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Headlines: September 7, 2010

by Meg Larkin


             First, in global health news, a new test for drug-resistant TB can give results in hours instead of weeks.  The test, known as Xpert MTB/RIF is 98 percent accurate, both in detecting the presence of tuberculosis and in determining whether a patient is infected with a drug resistant strain of the disease.  According to the New York Times, “The test was developed by Cepheid, a private company, and the Foundation for Innovative New Diagnostics in Switzerland, with support from the National Institutes of Health and the Bill & Melinda Gates Foundation.”  Potential drawbacks include the high cost of the machines required for the test, and the test itself, which could make use in developing countries dependant on large amounts of donor funding.

            In military news, the Army is using bomb technicians to study the effects of concussions.  The 52nd ordinance Group, which is comprised of bomb specialists and is soon to be deployed to Afghanistan, will be studied throughout its deployment so that the Army can understand the effects of concussions on brain functions.  The bomb specialists were selected because their type of work tends to put soldiers at higher risk of concussive injuries in the line of duty.

            In other military news, Walter Reed is using volunteers to  study malaria.  The volunteers agree to be bitten by a malaria infected mosquito in order to allow researchers to study the disease.  Once infected, volunteers receive appropriate medical treatment and recover.  According to the Washington Post, over the past 17 years, the “Human Challenge Model”  has been used to study numerous aspects of the disease.  “Some trials have tested medicines to treat patients; others test vaccines to prevent people from getting the disease. Bolton's was aimed simply at showing that researchers could infect people with Plasmodium vivax, one of the five strains of the malaria parasite”  One of the projects that has been influenced by the Walter Reed system is the current clinical trial of a malaria vaccine that is under way in Africa.  If effective, the vaccine could prevent tens of thousands of people from being infected with Malaria.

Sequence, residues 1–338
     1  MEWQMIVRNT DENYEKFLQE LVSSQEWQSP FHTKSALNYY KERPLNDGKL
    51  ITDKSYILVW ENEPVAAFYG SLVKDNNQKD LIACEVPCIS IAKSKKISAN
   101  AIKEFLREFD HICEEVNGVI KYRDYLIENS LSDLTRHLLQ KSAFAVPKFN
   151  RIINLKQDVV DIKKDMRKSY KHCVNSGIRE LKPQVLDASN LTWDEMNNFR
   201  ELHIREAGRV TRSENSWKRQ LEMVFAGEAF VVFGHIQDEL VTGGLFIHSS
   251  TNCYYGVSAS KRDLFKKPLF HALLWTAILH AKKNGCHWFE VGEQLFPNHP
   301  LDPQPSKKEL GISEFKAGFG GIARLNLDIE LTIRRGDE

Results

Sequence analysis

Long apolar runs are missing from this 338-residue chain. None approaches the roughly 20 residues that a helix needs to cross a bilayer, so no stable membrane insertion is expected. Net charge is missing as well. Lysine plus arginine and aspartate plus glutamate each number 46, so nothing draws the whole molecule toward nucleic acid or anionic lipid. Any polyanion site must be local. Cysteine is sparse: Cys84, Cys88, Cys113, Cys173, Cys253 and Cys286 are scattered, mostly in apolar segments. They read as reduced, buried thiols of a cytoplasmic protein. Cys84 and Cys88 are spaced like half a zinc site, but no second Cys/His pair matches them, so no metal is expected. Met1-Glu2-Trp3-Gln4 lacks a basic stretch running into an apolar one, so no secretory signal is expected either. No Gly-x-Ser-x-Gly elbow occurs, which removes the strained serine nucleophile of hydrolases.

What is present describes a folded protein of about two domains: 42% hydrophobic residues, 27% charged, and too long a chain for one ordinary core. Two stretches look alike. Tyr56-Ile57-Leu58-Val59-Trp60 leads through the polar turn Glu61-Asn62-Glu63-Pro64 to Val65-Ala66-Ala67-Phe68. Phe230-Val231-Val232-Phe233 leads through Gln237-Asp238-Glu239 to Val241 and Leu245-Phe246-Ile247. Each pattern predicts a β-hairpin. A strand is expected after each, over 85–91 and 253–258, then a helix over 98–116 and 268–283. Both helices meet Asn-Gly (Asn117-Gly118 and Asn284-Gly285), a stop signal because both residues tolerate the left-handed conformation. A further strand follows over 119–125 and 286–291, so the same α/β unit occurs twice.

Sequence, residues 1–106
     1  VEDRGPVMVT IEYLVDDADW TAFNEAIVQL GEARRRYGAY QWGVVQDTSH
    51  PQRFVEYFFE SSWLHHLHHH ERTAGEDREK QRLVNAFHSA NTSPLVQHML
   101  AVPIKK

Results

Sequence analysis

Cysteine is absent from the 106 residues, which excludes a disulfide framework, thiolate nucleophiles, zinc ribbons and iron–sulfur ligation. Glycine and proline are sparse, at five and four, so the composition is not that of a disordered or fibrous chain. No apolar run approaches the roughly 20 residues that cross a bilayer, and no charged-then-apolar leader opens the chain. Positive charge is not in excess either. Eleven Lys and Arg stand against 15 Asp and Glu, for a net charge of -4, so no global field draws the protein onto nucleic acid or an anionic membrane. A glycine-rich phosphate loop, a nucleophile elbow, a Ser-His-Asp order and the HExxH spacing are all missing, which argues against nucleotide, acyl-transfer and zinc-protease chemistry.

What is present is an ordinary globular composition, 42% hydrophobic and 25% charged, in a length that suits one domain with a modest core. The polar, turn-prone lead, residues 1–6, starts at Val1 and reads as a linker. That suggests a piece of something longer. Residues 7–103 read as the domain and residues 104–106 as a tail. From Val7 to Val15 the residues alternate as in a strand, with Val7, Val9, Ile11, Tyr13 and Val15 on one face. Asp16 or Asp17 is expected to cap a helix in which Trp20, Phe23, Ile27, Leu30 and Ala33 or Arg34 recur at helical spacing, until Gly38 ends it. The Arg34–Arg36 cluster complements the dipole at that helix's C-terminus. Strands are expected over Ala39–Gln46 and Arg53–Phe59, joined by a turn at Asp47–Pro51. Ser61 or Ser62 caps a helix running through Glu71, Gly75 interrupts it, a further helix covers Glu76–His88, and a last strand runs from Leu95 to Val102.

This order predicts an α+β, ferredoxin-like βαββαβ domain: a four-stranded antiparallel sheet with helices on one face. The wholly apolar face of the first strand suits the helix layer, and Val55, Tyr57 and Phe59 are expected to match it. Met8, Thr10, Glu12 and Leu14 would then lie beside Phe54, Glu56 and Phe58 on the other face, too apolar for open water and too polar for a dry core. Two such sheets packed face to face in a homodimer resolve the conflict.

Finally, in England, regulators are calling for the removal of  the diabetes drug Avandia from the market.  The Washington Post reports that, “The Medicines and Healthcare products Regulatory Agency (MHRA) said an independent panel of experts had advised it that the risks of Avandia outweigh its benefits, and that the drug should no longer be sold in Britain. The body said it had sent a letter to doctors in July advising them to consider alternative treatments. “  The drug’s maker, GlaxoSmithKline, maintains that the drug is still safe and effective when appropriately prescribed.  In the United States, the FDA has placed Avandia under increased scrutiny since a 2007 study suggested that patients taking the drug were more likely to suffer a heart attack than patients taking other diabetes drugs or not taking any diabetes medication.   


Meg Larkin is a third year law student at Boston University.  Please feel free to email her with any questions, comments, suggestions or concerns.


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